Whether you fancy exploring the ruins, learning more about WWII, taking a dip in the sea, or simply soaking up the sun, Anzio Beach has plenty to offer.
Scala dei Turchi Beach, Sicily
Scala Dei Turchi is a rocky cliff situated near Realmonte, and at the base of this cliff is where Scala dei Turchi Beach can be found.
A long but narrow beach with fiery sands and greeny-blue waters, this beach is mostly quiet, making it a great place to have some time to yourself. The contrasting colours of the beach with the pale grey and white colours of the cliffs combine perfectly to create a wonderful landscape.
The area is actually famous in Italy as it is regarded as one of Sicily’s best and most beautiful natural wonders. Definitely remember your camera if you’re lucky enough to visit this beach.
Baia dei Turchi Beach, Puglia
Often confused with Scala dei Turchi Beach is Baia dei Turchi Beach in Puglia. Despite their similar names, both beaches are quite different.
Baia dei Turchi Beach is a much bigger sprawling beach found within a protected nature reserve.
Lined with a lush pine forest to give an amazing colour contrast with the white sands and turquoise waters, Baia dei Turchi Beach is a mile long.
This gives visitors a great place to walk and enough space to relax without the beach getting overly crowded.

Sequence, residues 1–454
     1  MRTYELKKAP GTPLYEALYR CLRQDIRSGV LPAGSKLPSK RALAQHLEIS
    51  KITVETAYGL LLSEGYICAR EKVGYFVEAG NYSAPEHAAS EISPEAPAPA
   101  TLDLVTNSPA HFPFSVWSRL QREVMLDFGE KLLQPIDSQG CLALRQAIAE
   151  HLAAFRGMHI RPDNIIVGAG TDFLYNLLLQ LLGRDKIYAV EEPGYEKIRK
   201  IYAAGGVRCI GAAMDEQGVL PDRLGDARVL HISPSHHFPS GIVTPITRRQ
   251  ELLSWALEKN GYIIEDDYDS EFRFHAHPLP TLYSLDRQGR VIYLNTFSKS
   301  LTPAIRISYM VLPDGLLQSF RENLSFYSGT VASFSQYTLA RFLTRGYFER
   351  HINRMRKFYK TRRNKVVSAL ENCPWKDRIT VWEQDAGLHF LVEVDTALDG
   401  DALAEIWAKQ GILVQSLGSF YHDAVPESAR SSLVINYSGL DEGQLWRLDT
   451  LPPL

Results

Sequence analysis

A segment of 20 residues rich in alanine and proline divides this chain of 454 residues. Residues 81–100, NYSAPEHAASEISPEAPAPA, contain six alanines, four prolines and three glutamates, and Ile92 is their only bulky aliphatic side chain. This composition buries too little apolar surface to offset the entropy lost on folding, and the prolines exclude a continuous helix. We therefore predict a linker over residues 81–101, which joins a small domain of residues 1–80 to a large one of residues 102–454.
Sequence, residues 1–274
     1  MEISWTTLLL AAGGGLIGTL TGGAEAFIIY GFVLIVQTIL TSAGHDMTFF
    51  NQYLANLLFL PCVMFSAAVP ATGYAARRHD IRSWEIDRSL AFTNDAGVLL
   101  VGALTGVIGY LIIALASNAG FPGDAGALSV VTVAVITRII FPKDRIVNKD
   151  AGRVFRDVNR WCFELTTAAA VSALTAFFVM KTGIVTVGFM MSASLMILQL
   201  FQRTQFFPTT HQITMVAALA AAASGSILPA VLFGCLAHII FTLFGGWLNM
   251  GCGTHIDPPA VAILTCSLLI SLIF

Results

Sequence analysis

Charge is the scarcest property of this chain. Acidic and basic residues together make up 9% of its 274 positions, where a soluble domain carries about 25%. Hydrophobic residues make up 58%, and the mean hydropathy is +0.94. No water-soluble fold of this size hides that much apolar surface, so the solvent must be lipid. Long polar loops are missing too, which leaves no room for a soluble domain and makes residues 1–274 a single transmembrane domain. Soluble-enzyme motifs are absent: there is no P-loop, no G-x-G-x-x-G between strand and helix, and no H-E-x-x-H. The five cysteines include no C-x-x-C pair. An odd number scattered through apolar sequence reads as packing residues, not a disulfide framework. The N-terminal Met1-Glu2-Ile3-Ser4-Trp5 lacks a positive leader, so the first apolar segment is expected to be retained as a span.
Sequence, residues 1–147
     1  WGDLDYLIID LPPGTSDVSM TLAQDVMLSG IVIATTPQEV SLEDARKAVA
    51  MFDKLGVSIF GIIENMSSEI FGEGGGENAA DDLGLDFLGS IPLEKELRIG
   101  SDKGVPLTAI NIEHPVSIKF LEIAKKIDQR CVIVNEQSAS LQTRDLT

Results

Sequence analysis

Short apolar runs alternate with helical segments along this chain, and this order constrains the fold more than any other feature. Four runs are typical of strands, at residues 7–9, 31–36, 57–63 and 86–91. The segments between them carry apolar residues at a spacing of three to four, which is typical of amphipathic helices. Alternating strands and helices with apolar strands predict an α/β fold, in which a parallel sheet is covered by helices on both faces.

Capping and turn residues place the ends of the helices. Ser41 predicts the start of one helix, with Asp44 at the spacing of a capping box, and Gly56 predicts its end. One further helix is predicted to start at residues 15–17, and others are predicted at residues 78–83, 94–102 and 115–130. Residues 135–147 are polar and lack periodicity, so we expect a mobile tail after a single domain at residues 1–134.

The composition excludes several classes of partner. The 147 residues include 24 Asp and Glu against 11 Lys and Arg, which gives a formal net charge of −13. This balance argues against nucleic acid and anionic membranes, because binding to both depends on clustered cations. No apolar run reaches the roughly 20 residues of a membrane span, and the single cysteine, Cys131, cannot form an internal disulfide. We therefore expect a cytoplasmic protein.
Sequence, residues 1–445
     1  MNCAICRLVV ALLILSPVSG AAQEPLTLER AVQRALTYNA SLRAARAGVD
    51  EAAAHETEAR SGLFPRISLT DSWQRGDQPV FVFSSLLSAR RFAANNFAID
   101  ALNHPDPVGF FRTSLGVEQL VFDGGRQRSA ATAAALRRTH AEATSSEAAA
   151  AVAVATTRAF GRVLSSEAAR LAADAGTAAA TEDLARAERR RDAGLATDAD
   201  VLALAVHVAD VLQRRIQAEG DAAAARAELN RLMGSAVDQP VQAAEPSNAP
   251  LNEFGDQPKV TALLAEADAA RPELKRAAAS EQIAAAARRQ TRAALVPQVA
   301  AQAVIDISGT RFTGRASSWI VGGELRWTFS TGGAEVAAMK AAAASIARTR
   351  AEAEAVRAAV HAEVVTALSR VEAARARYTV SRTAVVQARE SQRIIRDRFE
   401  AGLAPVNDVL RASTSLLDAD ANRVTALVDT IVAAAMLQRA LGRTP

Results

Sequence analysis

This beach also happens to be among the cleanest beaches in Italy. As a result, it has Blue Flag status, which is an award given to beaches that meet strict environmental criteria.
Cala Pulcino Beach, Lampedusa
Cala Pulcino Beach is located in Lampedusa, which happens to be the largest of Italy’s Pelagie islands. Getting to this beach is pretty difficult as it entails hiking for around an hour over large rocks and dense vegetation.
While this may sound like a bit of a struggle, I can assure you that the hike is well worth the views you’re welcomed with on arrival.
When you’ve completed the hike, you’ll be rewarded with unbelievably clear waters, powdery white sand, and one-of-a-kind views of the endless Mediterranean Sea stretching away in the distance.
Alghero, North West Sardinia
Sardinia is full of popular beaches that often get overcrowded – but I think this hidden gem might just be the best beach Italy has to offer.
Alghero is an escape from the madness by offering a number of white sand beaches that typically stay nice and quiet. Perfect for locals or tourists travelling with their families, the best beaches can be found a couple of kilometres to the north of Alghero’s quayside.
Requiring only a small amount of travelling, La Bombarde Beach and Lazzaretto Beach are two places you’ll want to check out. Both offer beautiful waters, space to relax, and enough food options to keep your tummy full.
Best Beaches in Italy: Practical Tips and Map
- Protect yourself! Remember to bring sun cream, a hat, and plenty of water – especially if you’re planning on lazing around during the scorching midday sun.
- Bring a water-resistant bag or backpack to ensure your belongings don’t get dirty or damaged.